May 20: Haredi ire

I was sorry to read that thousands of haredim protested on Thursday evening against being drafted into the army.

Letters 370 (photo credit: REUTERS/Handout )
Letters 370
(photo credit: REUTERS/Handout )
Haredi ire
Sir, – I was sorry to read that thousands of haredim protested on Thursday evening against being drafted into the army (“8 cops hurt in mass haredi protest in J’lem against draft,” May 17).
I wonder if they read last week’s parsha – Bamidbar – carefully, in which one month after the erection of the Tabernacle, Moses was commanded to muster all the men of military age, those 20 years of age and upwards.
If Moses was commanded by God to do this, how can they protest against the draft in Israel? Don’t they realize that without our wonderful IDF soldiers, they wouldn’t be able to study in their yeshivot. Who would protect our country from all the surrounding countries that want to push Israel “off the face of the earth?” They can serve in our army for three years, and then continue to learn in their yeshiva for the rest of their lives, if that’s what they want to do. But they should serve their time in the army, if for nothing else, to protect our country so that everyone who wants to study in their yeshivot can continue to study.
Sir, – In most countries, citizenship, with all its privileges and obligations, comes with birth. However, for hundreds of years Jews were a special category, not considered to be citizens no matter how many generations were born in the country.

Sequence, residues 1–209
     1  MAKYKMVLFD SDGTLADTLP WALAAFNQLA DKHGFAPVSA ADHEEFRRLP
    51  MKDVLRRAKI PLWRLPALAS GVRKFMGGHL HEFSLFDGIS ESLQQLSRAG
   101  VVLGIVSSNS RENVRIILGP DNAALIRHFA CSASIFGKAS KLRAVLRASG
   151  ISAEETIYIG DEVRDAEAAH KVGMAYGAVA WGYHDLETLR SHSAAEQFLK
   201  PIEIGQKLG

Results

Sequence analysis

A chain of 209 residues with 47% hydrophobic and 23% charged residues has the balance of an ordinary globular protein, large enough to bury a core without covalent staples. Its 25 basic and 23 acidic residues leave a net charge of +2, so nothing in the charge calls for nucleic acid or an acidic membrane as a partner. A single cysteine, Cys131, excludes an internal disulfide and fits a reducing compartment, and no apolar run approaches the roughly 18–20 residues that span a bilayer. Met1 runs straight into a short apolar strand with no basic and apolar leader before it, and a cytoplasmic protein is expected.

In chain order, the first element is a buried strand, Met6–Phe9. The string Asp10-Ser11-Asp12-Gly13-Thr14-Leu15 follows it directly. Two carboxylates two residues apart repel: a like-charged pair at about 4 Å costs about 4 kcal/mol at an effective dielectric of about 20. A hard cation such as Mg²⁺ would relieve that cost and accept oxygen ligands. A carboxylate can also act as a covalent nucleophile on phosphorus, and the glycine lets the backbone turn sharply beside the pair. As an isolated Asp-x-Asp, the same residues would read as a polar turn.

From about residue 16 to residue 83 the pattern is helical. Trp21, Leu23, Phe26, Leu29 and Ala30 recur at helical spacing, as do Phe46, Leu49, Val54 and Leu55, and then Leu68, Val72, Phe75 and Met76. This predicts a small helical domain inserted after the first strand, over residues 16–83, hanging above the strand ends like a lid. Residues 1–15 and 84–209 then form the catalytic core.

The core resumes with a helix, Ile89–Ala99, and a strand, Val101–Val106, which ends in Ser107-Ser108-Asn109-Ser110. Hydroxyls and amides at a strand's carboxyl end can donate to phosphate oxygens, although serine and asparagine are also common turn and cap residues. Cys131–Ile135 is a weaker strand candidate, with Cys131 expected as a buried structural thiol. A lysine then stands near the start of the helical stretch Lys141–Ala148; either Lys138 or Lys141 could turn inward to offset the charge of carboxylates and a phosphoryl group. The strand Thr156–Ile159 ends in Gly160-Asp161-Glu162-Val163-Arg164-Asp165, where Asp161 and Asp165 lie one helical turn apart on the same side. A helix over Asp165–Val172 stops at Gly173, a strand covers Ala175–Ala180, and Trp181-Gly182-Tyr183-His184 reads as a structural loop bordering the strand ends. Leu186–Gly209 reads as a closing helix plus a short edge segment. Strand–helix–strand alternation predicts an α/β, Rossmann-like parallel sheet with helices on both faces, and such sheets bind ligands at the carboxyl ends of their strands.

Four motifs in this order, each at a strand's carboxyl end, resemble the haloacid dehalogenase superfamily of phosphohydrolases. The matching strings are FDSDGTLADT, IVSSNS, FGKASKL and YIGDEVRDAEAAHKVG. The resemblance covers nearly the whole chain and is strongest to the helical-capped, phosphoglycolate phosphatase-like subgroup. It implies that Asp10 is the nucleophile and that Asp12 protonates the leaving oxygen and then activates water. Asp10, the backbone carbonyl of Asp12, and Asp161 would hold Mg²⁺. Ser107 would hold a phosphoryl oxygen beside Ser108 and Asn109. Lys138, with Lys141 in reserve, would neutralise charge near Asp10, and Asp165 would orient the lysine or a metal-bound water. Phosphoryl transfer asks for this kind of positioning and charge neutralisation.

There is a principle in Jewish Law that while we can give someone benefits without their consent, we cannot penalize them without their consent.
With that principal in mind, I believe I have the answer to the haredi rioters. Much like an adopted child who was converted by its parents has a right, before his or her bar or bat mitzva to opt out of Judaism, so the haredim, at age 18, should have the right to opt out of Israeli citizenship.
The haredi who opts out will be exempt from the draft. However, as a non-citizen he will not be eligible to receive any government benefits. The educational institutions that cater to these non-citizens will not be subsidized.
I think this is a fair solution, as no one can choose only the benefits, without assuming the obligations.
Sir, – Has The Jerusalem Post joined other media in haredi bashing? Could you not have found a more neutral headline for the article about the haredi demonstration against the draft? Why not “30,000 haredim protest against draft”? The Eda Haredit, which organized the protest, may be ultraconservative but it is not “radical.”
Sir, – The Jerusalem Post’s article on the haredi protesters is a disgrace. The thin blue line which is all that stands between the law abiding public and chaos, is deserving of proper title. Police officers or policemen, no less. “Cops” are better suited to the pages of a Hank Jansen novel, not your newspaper.
And while we are on the subject of proper title, the young of human beings are” babies or children,” not as you are fond of using, “kids.” Which are the young of goats and similar creatures.
Equal justice
Sir, – The Jerusalem Post reported that Justice Minister Tzipi Livni proposes implementing legislation equating “price tag” attacks to racism (“Cabinet may consider defining ‘price tag’ incidents as terror,” May 17). “Price tag” attacks are allegedly conducted by Jews in retaliation to Arab terrorism and overbearing governmental action against Jews in Judea and Samaria.
There are several problems associated with Livni’s approach.
Apparently, this proposed legislation would be directed against Jews who allegedly performed these acts, which is discriminatory.
Moreover, if the legislative language is not clear, it could be deemed vague and indefinite rendering the legislation as not being enforceable.